Perhaps I’ll practice trying to fly with the young ones. 🙂


About fromourisland

Gardener, knitter, wife, mother of 2, grandmother, and lots more.
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6 Responses to Looking Back

  1. Judy says:

    I’m impressed that you knew enough to look for normal people at such a young age. I was still assuming that I was normal then 🙂

  2. bee1designs says:

    Lived in Buffalo all my life. Love your former garden and look forward to your new one. Wish you and your family great new memories in the making. Don’t we make our own ‘normalcy’? Hugs…

  3. gardenbug says:

    It seems I made a few errors. My brother tells me that I missed a house along the way. First was the rental home shown near the school that is now for sale. Then we moved to a second rental, a short distance away on University Avenue. This one was near Public School 83, which has since been sold. The broken arm story occurred near the second rental house. I remember nothing about either rented house.

  4. Alice Jordon says:

    Marie, I just loved a bit of history of your growing up years. You are just about to spread your wings and fly! Lots of courage required but lots of joy once you make the journey!!! I don’t think I was from a normal family either (were any of us?). My dad was approaching 50 and my Mom 43 when their one and only was born. We lived in a shack made of pieces of surplus lumber–started out as a storage building–then a tennis club (they added a bathroom with a tiny shower)–and back to a storage building where my Dad stored his equipment and slept on a cot when he was too tired to drive to the lake where he lived on a house boat. By the time I was born they had added a galley kitchen and a tiny room (6’6″ X 7’7″) for me. The entire house was 24’x24′. Not a single door or window matched. It was not insulated and water would freeze on the table beside my parent’s bed. My parents never paid rent to live there till Mother realized the owners were paying our water bill at which time she started paying $5 a month paid biannually–$30 just before Christmas and $30 the month taxes were due. Looking back on it, I feel certain our neighbors paid more in property tax on the land and house than we ever paid in rent. Daddy started living there in 1936 and Mother stayed till 81–when it was demolished for a new bridge across the Tennessee River. It was a very happy house–the stories it could tell!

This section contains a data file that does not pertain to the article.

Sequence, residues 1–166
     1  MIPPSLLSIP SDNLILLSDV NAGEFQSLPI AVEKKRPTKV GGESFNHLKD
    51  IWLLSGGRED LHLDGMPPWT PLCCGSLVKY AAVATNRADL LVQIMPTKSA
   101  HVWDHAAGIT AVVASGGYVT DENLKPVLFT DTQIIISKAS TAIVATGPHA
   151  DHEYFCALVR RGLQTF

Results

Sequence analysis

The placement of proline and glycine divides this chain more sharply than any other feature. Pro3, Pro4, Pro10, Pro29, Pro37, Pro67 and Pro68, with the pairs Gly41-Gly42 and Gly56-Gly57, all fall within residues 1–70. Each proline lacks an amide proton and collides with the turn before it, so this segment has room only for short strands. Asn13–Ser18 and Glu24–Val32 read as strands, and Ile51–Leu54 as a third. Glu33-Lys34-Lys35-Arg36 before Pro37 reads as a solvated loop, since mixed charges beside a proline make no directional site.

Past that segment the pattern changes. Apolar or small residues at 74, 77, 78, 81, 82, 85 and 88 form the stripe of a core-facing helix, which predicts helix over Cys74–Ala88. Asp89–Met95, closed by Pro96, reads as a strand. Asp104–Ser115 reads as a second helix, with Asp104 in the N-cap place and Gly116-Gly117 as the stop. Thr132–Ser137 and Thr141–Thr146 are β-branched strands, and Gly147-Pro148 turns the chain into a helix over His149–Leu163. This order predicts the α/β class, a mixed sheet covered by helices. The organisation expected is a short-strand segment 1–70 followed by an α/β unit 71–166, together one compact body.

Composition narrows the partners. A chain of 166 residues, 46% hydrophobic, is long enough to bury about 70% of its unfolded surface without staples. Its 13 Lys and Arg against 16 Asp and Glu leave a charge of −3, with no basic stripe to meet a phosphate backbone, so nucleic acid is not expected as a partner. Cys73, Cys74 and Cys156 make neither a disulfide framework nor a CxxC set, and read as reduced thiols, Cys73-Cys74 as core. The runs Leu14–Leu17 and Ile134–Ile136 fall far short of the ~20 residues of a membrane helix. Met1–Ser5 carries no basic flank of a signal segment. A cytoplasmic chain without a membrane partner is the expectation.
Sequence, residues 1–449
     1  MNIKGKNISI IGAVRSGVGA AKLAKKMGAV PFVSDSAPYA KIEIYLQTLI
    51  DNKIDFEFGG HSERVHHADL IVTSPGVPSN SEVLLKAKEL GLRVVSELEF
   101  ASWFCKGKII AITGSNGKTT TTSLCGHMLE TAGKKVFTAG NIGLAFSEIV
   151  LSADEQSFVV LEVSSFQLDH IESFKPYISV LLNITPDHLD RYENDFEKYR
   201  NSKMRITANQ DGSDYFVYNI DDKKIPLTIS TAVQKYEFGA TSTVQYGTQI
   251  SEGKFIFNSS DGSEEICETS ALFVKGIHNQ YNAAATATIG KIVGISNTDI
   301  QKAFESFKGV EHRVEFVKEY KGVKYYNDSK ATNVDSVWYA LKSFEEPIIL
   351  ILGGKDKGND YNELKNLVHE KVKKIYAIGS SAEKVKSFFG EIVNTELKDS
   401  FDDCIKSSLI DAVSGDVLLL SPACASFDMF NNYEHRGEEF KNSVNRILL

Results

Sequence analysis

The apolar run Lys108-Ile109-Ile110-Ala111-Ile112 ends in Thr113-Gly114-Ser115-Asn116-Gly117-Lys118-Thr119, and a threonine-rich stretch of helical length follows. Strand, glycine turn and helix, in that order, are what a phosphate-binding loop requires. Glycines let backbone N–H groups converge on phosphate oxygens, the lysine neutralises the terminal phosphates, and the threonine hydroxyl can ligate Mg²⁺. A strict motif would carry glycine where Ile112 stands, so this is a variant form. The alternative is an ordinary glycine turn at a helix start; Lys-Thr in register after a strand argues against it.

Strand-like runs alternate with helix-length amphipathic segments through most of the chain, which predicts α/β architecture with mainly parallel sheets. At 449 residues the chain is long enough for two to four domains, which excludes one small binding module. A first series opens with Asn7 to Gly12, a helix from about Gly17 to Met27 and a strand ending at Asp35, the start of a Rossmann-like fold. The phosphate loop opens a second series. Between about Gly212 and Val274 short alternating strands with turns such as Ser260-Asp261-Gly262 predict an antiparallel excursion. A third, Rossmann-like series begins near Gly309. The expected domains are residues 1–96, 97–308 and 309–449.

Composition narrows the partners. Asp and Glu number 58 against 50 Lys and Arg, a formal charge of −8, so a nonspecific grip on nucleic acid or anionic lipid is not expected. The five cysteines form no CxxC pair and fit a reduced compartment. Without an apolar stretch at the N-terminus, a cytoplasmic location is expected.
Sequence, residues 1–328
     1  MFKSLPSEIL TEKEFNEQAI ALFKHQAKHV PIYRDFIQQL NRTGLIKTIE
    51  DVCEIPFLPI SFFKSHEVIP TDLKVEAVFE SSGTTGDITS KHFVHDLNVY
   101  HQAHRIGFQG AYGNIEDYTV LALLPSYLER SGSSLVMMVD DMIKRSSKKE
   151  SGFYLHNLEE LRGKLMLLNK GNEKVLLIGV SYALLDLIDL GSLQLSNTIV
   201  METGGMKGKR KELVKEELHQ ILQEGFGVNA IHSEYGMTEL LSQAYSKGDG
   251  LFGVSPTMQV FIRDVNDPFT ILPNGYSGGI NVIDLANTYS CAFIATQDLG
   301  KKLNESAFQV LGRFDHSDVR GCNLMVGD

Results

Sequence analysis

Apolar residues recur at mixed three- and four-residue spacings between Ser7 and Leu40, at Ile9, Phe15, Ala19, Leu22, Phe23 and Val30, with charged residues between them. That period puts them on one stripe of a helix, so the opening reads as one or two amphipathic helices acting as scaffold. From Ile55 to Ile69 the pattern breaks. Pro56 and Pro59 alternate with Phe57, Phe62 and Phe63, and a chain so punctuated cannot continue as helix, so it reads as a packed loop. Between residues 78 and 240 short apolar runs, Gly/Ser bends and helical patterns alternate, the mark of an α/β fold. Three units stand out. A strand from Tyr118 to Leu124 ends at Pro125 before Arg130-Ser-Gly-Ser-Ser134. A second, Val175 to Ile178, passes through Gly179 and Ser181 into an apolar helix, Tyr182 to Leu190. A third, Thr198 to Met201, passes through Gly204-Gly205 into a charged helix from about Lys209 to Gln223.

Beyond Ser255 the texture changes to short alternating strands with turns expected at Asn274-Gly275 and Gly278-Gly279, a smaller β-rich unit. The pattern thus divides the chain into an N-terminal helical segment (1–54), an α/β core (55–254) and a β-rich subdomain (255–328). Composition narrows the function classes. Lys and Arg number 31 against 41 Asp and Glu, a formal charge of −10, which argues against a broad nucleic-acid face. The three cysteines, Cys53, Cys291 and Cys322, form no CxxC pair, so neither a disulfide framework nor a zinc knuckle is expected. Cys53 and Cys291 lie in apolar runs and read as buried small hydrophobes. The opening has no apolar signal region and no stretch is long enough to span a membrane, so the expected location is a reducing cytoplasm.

• Marie Holt says:

      Wonderful to read your history. Houses tell lots about us! On Aug 19, 2014 8:34 PM, “Gardenbug World” wrote:


  5. Jack says:

    Marie, this was a most enjoyable trip down memory lane with you. I was in my hometown this weekend for a xxth high school reunion (I’m not confessing) and took the time to drive past the first house I lived in and the site of the second (which has been torn down to make way for apartments). I did my trip alone and didn’t knock on any doors.